In geometry, the law of detachment is a form of deductive reasoning in which two premises in relation to the same subject are examined to come to a reasonable conclusion. This law considers a hypothesis made with regard to a statement and uses deductive reasoning to find a true answer.
Know MoreThe "if" part of the law of deductive reasoning is always a hypothesis or a reasoned guess. The statement made after "then" is the conclusion. This is also referred to as a conditional statement. The hypothesis must be proven to be true in order for the conclusion to be true as well. Another example of the law of deductive reasoning would be:
If the conclusion is false and the hypothesis is true in a conditional statement, then the conditional statement itself is false. A converse statement in the law of detachment happens when the hypothesis and the conditional statement are reversed. In the given example, the conclusion that all cats must be mammals would remain true.
Learn more about GeometrySpherical geometry is the branch of mathematics that deals with figures placed on the surface of a sphere. It can also be defined as a three-dimensional view of more traditional planar geometry; although, there are numerous differences between the planar and spherical subsets of geometrical study. Some of the basic tenets of planar geometry don't carry over to spherical geometry because it deals with different mathematical concepts.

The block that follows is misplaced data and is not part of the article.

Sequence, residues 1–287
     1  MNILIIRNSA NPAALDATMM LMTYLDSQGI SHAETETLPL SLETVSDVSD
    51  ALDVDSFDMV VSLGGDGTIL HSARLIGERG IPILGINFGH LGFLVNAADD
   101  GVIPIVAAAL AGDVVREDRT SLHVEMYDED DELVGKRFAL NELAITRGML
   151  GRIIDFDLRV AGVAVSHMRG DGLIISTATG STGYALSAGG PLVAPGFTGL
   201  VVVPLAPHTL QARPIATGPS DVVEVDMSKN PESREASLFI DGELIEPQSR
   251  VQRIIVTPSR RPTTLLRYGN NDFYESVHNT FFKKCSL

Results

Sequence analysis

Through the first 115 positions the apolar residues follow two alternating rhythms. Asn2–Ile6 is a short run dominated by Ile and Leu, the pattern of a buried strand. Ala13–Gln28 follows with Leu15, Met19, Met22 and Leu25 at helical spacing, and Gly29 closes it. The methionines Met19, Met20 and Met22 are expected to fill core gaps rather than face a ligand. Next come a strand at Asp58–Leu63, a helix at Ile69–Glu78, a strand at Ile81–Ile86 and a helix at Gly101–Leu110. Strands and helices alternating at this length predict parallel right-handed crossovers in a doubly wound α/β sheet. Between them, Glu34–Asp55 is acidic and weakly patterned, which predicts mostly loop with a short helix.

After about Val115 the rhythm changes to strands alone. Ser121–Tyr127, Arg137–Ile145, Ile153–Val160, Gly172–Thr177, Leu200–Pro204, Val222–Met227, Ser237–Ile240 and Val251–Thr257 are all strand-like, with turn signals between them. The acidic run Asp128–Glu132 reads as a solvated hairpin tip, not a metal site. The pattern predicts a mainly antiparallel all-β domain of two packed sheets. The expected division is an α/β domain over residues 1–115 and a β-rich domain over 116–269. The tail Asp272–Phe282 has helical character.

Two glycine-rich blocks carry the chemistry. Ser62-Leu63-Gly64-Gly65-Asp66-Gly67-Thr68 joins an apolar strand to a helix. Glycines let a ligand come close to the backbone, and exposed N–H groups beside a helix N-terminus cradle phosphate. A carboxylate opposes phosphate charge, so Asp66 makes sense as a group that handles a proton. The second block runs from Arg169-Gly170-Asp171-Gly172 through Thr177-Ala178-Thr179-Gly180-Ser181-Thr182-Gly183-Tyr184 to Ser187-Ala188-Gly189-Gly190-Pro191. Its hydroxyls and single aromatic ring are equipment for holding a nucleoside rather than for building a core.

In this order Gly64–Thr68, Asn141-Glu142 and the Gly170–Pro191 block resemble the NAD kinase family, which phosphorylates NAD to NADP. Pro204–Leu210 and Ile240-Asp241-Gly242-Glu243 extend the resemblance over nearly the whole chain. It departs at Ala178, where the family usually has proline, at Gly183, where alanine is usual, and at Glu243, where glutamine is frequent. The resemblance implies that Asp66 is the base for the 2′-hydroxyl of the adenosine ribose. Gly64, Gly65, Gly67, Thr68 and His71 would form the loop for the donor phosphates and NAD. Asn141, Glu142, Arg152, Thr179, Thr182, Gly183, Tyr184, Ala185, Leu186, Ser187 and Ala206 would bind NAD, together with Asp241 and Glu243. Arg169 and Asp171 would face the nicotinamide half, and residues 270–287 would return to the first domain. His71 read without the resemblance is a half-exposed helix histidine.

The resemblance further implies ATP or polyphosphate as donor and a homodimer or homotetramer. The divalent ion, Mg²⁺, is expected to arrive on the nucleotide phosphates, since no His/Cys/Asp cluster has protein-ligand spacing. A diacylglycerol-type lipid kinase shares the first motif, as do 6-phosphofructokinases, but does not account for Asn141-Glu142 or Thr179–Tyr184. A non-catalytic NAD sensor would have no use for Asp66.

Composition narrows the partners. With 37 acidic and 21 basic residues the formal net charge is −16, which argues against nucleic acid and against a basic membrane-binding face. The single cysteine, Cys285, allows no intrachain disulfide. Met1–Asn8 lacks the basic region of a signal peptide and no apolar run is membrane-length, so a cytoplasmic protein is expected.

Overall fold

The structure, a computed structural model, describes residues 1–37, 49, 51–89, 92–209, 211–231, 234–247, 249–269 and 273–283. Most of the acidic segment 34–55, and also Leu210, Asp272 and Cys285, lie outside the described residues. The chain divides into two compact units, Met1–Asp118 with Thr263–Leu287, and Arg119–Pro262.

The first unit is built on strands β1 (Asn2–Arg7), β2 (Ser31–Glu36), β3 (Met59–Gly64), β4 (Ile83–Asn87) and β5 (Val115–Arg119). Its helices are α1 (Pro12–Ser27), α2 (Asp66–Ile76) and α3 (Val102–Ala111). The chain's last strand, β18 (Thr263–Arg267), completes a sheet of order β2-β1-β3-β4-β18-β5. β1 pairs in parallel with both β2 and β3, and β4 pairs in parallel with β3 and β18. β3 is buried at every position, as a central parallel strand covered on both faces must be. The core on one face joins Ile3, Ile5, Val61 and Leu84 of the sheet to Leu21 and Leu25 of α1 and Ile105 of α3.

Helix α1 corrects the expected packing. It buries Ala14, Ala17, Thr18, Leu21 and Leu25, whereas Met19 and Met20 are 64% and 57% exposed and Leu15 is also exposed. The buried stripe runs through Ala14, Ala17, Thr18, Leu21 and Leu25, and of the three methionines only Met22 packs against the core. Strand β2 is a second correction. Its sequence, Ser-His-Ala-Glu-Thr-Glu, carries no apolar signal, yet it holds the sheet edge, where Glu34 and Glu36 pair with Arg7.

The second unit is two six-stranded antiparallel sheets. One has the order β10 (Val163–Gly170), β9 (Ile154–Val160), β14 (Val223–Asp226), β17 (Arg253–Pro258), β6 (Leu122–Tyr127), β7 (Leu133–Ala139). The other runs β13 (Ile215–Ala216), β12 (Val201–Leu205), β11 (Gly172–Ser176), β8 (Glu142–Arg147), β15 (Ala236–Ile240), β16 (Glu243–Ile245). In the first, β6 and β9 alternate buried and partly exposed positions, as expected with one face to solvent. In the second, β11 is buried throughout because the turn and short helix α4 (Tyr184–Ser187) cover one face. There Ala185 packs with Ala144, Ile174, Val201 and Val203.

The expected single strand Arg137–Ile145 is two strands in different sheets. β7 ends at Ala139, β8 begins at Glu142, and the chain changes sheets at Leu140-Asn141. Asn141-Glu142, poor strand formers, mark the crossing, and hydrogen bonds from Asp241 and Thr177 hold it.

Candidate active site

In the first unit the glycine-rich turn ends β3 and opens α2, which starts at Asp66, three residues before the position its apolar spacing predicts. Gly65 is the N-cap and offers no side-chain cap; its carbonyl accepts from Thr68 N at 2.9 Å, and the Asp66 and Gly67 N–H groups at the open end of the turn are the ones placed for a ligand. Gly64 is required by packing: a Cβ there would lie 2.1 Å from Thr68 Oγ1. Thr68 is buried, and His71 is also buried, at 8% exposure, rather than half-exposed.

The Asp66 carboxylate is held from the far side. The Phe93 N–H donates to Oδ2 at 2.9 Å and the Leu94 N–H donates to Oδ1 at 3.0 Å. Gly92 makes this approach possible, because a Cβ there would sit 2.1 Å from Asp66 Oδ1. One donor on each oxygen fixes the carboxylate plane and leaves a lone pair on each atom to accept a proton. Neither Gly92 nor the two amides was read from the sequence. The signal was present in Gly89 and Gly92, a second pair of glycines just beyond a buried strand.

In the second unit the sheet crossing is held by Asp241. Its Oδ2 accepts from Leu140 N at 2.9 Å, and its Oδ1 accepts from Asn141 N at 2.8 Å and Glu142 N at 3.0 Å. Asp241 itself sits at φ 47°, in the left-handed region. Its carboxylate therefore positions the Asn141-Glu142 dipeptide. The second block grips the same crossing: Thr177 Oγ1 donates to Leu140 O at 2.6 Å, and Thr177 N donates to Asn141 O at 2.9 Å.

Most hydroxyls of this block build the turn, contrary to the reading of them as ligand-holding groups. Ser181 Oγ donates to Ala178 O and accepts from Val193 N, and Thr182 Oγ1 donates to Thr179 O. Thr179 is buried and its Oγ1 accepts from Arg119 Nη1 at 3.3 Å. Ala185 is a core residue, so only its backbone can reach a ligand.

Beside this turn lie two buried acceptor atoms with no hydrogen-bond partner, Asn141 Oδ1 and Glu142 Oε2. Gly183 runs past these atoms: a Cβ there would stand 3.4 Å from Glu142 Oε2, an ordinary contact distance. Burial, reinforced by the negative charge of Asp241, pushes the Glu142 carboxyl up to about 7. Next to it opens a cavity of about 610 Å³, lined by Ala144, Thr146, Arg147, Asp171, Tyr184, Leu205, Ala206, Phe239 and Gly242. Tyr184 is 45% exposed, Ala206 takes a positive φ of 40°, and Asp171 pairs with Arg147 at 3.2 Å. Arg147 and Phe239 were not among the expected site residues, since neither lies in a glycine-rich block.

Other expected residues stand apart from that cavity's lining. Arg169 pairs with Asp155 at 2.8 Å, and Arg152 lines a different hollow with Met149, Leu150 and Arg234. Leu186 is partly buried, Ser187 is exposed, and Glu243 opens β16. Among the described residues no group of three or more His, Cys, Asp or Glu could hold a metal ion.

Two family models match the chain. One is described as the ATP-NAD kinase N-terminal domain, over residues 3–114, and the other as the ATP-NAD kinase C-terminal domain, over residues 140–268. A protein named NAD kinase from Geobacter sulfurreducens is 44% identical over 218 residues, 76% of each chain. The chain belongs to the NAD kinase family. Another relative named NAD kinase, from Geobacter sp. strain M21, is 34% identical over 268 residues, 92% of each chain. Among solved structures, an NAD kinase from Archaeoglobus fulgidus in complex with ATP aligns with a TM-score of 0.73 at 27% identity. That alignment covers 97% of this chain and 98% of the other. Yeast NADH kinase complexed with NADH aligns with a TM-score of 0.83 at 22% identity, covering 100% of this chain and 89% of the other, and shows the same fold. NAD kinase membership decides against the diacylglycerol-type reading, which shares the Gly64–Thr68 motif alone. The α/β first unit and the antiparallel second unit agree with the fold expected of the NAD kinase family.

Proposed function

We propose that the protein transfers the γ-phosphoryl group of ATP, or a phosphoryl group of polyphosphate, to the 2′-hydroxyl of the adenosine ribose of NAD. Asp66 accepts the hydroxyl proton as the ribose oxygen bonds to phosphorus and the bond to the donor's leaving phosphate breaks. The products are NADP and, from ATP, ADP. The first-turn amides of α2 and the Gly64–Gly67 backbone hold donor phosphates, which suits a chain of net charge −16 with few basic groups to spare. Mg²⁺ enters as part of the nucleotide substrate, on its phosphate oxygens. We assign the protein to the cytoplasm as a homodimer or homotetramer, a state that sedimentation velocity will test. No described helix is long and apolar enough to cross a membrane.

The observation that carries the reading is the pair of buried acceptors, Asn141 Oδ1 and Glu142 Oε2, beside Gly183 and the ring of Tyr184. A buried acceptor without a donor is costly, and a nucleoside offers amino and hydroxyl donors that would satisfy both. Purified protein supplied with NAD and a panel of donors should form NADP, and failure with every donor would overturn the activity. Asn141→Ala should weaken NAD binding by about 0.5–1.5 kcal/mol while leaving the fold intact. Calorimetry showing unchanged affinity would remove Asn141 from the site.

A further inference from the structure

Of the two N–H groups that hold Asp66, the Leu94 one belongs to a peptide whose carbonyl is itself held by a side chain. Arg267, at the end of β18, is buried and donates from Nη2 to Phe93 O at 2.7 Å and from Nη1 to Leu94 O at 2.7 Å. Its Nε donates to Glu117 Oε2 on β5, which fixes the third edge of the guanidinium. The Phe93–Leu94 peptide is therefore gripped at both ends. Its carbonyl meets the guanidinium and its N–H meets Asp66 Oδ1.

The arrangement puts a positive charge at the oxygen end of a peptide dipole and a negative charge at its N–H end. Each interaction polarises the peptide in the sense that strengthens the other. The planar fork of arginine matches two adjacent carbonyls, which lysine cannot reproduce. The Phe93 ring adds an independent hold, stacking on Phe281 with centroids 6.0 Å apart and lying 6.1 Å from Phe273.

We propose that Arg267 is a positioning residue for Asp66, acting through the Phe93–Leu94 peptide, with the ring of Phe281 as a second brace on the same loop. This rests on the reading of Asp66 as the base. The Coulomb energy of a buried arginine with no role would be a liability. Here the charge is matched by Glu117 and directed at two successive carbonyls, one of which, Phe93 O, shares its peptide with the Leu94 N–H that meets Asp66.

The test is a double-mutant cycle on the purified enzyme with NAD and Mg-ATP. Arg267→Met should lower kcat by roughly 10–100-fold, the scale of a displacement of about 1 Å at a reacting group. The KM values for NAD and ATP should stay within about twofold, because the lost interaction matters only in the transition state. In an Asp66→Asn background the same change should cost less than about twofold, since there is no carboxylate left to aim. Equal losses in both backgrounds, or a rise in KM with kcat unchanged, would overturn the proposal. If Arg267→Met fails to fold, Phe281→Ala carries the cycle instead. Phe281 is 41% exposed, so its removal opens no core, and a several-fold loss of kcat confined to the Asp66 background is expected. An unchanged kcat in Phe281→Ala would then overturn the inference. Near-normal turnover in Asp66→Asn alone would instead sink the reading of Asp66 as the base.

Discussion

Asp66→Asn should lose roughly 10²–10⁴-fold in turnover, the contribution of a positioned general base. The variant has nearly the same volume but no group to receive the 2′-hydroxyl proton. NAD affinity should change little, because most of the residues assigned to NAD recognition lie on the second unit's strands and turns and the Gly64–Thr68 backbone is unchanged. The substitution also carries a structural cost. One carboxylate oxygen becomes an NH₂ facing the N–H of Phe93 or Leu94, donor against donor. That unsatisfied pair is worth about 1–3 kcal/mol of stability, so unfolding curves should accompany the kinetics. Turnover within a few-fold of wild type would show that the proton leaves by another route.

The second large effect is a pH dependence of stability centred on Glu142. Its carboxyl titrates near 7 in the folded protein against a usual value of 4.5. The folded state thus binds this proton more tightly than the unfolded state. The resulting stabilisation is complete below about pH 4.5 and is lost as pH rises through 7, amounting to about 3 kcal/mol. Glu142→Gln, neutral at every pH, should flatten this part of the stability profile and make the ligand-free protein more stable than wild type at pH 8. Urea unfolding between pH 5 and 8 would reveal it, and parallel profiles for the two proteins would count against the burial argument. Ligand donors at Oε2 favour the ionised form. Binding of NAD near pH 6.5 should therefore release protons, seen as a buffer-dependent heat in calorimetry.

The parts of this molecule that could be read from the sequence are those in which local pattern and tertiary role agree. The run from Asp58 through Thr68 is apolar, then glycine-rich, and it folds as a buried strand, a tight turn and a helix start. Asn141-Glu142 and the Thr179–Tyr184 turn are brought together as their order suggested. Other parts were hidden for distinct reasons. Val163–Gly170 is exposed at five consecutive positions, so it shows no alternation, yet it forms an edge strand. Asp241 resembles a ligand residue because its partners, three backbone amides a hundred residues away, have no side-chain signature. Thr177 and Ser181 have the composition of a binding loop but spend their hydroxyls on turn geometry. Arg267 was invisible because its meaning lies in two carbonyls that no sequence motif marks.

Full Answer >The law of syllogism in geometry states that "if p, then q," and "if q then r." It’s also possible to derive a third statement that "if p, then r." The “if-then” statement applies to the law of syllogism to aid in deductive reasoning.
Full Answer >Euclid of Alexandria is called the Father of Geometry. He received his education at Plato's Academy in Greece and moved to Egypt to teach. He taught during the reign of Ptolemy I Soter, the first Macedonian ruler. Euclidian geometry has been taught in schools for a long time.
Full Answer >Geometry is defined as the area of mathematics dealing with points, lines, shapes and space. Geometry is important because the world is made up of different shapes and spaces. It is broken into plane geometry, flat shapes like lines, circles and triangles, and solid geometry, solid shapes like spheres and cubes.
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